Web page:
[Excerpts] The Oak Brook Police and Fire Commission voted unanimously Saturday to fire Officer Stephen Peterson from the Oak Brook Police Department, effective immediately... “I think it was drastic,” [his attorney Tamara] Cummings said. “We are disappointed but not surprised. This board is a kangaroo court to say the least”... Charge one, which Peterson was found guilty of, charged that Peterson failed to disclose facts to law enforcement officials in connection with the disappearance of Stacy Peterson... Stacy Peterson disappeared Oct. 27, 2007. Drew Peterson brought three weapons, including an AR-15 short barrel rifle, to Stephen Peterson’s home on Oct. 30, 2007. Drew Peterson also transferred $236,800 to Stephen in the days following Stacy Peterson’s disappearance... Charges two and three, which Peterson was not found guilty of, related to his taking possession of the AR-15 rifle and allegations that Peterson failed to keep an internal investigation confidential.... [Full article here]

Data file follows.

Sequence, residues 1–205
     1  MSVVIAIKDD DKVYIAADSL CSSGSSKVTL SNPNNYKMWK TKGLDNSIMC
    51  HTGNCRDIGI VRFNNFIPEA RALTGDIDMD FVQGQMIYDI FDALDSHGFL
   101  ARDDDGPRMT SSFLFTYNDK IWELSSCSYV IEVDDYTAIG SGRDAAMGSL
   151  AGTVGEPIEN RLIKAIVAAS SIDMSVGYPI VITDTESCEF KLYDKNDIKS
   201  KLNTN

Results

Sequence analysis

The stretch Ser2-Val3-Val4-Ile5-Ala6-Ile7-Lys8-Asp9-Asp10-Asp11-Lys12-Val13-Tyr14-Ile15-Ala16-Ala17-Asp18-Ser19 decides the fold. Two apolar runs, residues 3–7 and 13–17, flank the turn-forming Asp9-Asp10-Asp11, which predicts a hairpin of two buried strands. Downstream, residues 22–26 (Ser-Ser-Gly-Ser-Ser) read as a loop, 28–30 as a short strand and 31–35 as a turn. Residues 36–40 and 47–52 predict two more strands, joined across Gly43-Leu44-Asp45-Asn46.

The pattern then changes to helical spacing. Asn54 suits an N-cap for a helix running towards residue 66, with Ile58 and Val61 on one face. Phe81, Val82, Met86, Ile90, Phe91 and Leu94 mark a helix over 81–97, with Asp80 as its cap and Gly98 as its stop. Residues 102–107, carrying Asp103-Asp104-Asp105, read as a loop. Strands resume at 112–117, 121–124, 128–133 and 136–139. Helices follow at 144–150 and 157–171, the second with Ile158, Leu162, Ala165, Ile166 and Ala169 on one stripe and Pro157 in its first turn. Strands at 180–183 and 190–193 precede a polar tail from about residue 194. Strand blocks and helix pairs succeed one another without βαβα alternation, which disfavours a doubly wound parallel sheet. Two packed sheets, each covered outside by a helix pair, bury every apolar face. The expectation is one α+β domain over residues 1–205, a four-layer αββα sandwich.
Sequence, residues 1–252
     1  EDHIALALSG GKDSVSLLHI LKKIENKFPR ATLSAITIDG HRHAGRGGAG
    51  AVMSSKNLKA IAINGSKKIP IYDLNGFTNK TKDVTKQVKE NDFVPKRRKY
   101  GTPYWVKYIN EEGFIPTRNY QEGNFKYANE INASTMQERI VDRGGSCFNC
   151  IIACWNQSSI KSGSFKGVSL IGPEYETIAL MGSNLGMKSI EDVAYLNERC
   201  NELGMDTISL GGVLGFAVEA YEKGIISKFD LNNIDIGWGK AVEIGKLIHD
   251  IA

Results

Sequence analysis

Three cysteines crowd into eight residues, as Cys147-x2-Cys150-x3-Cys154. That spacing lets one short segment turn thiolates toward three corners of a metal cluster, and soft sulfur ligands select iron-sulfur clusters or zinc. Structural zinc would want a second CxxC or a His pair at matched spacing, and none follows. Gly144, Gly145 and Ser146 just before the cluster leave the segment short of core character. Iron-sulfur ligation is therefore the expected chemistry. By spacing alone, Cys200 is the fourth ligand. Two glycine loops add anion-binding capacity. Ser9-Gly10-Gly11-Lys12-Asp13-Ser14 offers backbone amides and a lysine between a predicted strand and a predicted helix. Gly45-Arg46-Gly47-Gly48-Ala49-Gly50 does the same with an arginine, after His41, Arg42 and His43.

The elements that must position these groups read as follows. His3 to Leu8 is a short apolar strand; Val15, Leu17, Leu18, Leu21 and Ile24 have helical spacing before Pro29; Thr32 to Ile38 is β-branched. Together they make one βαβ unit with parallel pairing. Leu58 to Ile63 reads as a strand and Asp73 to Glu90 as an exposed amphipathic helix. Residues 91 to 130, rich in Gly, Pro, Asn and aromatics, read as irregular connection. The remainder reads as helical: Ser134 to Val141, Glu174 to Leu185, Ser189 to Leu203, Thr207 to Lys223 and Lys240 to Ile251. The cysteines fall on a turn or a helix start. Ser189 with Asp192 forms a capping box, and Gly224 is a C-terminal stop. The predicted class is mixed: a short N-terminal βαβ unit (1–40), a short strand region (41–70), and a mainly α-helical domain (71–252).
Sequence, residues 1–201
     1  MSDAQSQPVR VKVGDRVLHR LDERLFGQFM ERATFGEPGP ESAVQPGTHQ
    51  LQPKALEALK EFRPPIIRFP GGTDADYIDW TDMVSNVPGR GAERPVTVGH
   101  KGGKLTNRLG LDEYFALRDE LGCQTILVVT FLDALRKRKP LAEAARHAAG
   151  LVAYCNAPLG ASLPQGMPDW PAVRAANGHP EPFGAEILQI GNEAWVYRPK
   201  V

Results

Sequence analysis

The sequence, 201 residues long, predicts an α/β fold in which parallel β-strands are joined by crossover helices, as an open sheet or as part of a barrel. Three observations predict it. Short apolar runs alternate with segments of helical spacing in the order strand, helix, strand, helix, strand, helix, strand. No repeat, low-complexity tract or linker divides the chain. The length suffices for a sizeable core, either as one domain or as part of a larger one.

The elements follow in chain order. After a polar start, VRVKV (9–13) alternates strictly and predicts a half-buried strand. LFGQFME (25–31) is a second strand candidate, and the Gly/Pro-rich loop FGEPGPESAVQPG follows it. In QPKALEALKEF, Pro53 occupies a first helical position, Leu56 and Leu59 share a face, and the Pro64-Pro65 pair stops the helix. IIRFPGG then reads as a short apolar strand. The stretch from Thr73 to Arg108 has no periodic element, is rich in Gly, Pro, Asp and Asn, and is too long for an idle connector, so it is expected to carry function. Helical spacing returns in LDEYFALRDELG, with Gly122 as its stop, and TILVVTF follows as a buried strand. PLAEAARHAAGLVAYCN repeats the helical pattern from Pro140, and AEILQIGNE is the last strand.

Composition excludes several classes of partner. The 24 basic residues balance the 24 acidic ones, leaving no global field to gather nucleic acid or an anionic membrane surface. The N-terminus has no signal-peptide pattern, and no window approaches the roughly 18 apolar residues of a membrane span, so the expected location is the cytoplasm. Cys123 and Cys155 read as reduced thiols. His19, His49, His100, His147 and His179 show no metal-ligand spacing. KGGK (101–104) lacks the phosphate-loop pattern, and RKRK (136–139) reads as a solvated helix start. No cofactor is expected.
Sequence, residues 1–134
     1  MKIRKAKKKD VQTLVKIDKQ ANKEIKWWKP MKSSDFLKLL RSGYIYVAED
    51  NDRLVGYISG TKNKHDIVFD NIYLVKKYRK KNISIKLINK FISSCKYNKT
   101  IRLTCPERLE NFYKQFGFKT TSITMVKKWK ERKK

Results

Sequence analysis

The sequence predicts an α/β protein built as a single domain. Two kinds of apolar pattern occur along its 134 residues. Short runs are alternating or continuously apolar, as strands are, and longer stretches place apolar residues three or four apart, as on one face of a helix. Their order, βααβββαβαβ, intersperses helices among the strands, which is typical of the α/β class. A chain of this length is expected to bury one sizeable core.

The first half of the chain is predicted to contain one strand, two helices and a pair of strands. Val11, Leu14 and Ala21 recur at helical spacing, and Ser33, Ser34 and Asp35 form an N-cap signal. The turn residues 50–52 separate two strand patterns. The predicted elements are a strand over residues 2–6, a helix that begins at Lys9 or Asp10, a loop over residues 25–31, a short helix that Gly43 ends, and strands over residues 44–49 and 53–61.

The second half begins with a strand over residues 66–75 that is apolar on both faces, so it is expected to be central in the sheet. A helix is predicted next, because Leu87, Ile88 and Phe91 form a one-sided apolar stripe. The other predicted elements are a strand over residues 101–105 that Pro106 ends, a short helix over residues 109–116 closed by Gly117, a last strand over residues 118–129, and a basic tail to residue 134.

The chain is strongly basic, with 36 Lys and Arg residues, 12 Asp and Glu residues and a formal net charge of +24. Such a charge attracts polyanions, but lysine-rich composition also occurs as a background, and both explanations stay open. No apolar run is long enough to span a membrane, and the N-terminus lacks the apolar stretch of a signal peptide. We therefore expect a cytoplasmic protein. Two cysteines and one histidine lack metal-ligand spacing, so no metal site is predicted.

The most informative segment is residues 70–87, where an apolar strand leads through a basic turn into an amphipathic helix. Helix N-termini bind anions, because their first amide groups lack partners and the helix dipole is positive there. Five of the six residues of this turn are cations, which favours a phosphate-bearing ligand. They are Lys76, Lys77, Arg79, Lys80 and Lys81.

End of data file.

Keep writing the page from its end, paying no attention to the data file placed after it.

WILL DREW PETERSON'S WIVES SPEAK FROM THE GRAVE?
By Beth Karas, "In Session" Correspondent
February 15, 2011 10:48 a.m. EST